C Özbek, U Yetkin, B Lafç?, T Güne?, ? Yürekli, A Gürbüz
congenital mitral stenosis, persistent vena cava, surgery
C Özbek, U Yetkin, B Lafç?, T Güne?, ? Yürekli, A Gürbüz. Surgical Approach To A Congenital Mitral Stenosis Case With Left Persistent Superior Vena Cava. The Internet Journal of Thoracic and Cardiovascular Surgery. 2007 Volume 12 Number 1.
Congenital mitral valve stenosis is a rare pathology.
In this study, we aimed to present our surgical approach and successful valve repair to a case with congenital mitral valve stenosis combined with left persistent superior vena cava.
Conservative surgery of the congenital mitral valve stenosis can be performed with acceptable early and midterm outcome in terms of mortality and reoperation rate.For this reason it is the procedure of choice for congenital mitral valve stenosis.
Congenital malformations of the mitral valve are rare, complex, and frequently associated with other cardiac malformations(1). In congenital mitral anomalies, mostly because of the presence of the dysplastic leaflet group, the anatomy overlaps the functional groups and repair strategies can be identical(1). The current risk of mitral valve operation in the pediatric age group is low, and the long-term results are satisfactory, irrespective of severe deformation of the mitral valve apparatus and associated complex cardiac anomalies(2). The long-term results of conservative surgery are confirmed with a low incidence of reoperation except in mitral valve stenosis(3).
Our case was a 5-year-old girl who was admitted to the Department of Pediatric Cardiology with complaints of fatigue. Echocardiographic investigations revealed severe mitral stenosis and she was hospitalized for surgical correction.
She was operated under endotracheal general anesthesia and in supine position.Following a median sternotomy,pericardium was opened longitudinally. After heparinization, extra-corporeal circulation was established between the venae cavae and the ascending aorta. A cross clamp was placed on aorta and by antegrade intermittent isothermic blood cardioplegia,cardiac arrest was established.Hypothermia was moderate (28ºc).A vent was placed via the right superior pulmonary vein. After standard cannulation, right atriotomy was performed revealing an excessive amount of blood draining from coronary sinus ostium. Persistent left superior vena cava was found and suspended and snared (Figure 1).
Subsequently, left atriotomy was done. The diameter of mitral annulus was compatible with her age. A severe mitral stenosis was seen due to commissural fusions. Suspensory sutures were put on the midpoints of the edges of anterior and posterior leaflets. These leaflets were suspended superolaterally demonstrating that the leaflet structure was severely deformed (Figure 2).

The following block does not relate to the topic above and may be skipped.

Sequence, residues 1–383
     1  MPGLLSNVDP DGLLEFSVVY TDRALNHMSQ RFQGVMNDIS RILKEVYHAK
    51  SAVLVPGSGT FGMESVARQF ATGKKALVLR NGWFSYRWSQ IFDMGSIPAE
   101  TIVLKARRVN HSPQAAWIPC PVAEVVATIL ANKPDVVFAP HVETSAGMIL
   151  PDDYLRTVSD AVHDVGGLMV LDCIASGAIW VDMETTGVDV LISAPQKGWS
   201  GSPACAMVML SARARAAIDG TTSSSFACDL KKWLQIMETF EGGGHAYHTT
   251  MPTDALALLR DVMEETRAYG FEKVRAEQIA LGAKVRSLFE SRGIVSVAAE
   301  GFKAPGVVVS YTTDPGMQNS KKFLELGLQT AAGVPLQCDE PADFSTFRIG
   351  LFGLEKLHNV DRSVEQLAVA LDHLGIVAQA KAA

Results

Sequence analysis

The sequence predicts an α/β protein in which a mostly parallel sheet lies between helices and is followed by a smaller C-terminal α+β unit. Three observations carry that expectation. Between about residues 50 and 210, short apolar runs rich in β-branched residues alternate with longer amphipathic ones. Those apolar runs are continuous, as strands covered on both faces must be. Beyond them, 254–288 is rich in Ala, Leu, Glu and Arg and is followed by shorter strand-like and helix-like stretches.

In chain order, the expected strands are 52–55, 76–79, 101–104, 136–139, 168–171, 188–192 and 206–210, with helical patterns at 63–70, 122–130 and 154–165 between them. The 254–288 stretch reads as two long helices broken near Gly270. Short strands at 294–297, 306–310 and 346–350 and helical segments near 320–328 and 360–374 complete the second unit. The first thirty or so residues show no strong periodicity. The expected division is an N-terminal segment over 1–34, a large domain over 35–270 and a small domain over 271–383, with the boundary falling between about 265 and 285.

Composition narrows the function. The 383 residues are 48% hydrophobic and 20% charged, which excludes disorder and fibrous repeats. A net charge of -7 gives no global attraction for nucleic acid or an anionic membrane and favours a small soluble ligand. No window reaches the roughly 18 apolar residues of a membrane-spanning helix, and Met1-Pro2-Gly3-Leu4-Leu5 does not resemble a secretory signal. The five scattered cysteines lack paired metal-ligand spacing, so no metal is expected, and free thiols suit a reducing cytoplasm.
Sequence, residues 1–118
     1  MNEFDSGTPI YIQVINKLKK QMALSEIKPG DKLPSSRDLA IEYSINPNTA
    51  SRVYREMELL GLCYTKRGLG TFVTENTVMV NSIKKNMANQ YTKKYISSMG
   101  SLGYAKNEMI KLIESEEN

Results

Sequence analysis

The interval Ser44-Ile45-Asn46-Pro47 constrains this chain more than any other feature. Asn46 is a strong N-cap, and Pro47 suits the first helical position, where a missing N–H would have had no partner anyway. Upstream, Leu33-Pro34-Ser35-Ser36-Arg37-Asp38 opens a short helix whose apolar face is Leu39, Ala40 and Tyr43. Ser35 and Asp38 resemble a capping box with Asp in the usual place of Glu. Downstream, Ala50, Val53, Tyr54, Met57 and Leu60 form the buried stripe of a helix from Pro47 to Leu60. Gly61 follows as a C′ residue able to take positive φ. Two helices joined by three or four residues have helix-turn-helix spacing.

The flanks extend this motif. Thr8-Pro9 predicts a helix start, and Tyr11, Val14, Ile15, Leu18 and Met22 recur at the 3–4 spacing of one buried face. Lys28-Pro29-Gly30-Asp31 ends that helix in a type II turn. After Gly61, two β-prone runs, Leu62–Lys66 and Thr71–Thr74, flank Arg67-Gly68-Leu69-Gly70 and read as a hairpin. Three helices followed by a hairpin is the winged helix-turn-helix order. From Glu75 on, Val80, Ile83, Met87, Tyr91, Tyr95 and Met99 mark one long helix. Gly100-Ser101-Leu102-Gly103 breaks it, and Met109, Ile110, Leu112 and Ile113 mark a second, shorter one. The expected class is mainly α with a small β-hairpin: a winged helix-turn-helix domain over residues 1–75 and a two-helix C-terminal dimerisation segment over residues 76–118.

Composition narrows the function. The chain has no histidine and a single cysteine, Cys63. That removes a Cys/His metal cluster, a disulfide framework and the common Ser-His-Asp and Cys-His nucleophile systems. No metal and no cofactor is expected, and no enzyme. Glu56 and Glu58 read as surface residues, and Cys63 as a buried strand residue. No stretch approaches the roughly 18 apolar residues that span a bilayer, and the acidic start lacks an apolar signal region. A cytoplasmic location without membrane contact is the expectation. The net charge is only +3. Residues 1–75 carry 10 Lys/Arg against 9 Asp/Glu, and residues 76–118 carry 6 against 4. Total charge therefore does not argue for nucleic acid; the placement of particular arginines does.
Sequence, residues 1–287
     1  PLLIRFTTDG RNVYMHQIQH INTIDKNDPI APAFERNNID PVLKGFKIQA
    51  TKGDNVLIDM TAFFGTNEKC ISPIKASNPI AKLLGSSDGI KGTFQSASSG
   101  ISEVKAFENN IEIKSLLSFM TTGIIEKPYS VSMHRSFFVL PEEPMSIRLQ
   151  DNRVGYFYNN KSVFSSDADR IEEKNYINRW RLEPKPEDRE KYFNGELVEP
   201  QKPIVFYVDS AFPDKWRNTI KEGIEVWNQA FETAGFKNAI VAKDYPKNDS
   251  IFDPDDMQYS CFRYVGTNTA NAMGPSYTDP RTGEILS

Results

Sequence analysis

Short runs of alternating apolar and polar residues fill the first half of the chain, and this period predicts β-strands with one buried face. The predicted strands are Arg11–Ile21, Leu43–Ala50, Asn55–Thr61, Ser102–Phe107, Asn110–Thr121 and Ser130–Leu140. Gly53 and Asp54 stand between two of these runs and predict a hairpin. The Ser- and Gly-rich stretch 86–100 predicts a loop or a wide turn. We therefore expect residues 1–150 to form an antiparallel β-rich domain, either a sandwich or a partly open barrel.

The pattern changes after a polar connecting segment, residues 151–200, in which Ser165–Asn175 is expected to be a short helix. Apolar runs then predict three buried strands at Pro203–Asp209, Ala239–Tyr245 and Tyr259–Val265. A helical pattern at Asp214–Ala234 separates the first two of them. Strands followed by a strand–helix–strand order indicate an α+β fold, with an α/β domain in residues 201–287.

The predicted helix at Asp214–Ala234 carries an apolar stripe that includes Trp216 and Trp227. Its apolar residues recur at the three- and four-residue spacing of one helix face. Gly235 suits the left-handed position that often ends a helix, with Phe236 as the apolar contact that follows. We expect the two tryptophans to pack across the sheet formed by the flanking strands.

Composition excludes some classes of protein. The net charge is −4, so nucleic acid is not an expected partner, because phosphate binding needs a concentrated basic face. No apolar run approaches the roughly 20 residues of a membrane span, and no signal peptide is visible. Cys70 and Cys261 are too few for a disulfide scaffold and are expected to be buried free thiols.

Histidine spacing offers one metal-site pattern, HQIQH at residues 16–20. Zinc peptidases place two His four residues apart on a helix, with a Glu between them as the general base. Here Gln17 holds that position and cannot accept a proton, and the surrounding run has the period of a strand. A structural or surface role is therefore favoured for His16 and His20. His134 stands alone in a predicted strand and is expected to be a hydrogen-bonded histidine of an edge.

Mitral commissurotomy was performed to the commissural areas not attached by the chordae (Figure 3).
We tested the valve competence after this step on observing valve closure while the left ventricular cavity was filled with saline solution. There wasn't any saline regurgitation (Figure 4).
Anterior and posterior leaflet structures were found to be competent. Opening of the valve was tested via Hegar dilators pointing that it was optimal (Figure 5).
No additional problem was seen postoperatively and she was discharged on 7th postoperative day with surgical cure and outpatient clinic follow-up was recommended. Postoperatively on the day of discharge and after 3 months an echocardiographic investigation revealed no regurgitation for the repaired mitral valve.
In the last few years, surgery of congenital mitral valve lesions has gained from echocardiography, which shows the exact function and anatomy of the mitral valve(3).
Conservative surgery is recognized as the best option(3). Surgical management of congenital malformation of the mitral valve in the pediatric age group remains a therapeutic challenge for the wide spectrum of the morphological abnormalities and the high incidence of associated cardiac anomalies,and small patient size(4). Mitral valve (MV) conservative surgery is always advisable and its results are superior to MV replacement (4).
In the serie of Prifti et al,between January 1990 and February 2001, 94 consecutive children with congenital MV disease underwent valve repair. The mean age was 5.2+/-3.3 years (range 20 days to 15 years). Twenty-five (26.6%) children were less than 1 year old. Isolated MV disease was found in 21 (22.4%) patients. MV stenosis was the predominant lesion in 21 (22.4%) patients(5). The hospital mortality was 8.5% (8 of 94). Actuarial survival and actuarial reoperation-free survival were 89.2% and 76.3%, respectively.
Early mitral valve repair saves the lives of patients with severe symptoms, particularly those with mitral stenosis(1). MV reconstructive procedures in infants and children with congenital MV dysplasia may be effective and reliable with low mortality and low incidence of reoperation rate(4). When definitive repair cannot be realized, effective palliation can be achieved to permit growth and subsequent implantation of larger prostheses in anatomic position(1).
Doç. Dr. Cengiz ÖZBEK
Sair Esref Bulvari,No:66/1, Idil Apt.
35220, Alsancak / IZMIR / TURKEY
Tel: +90 532 2870780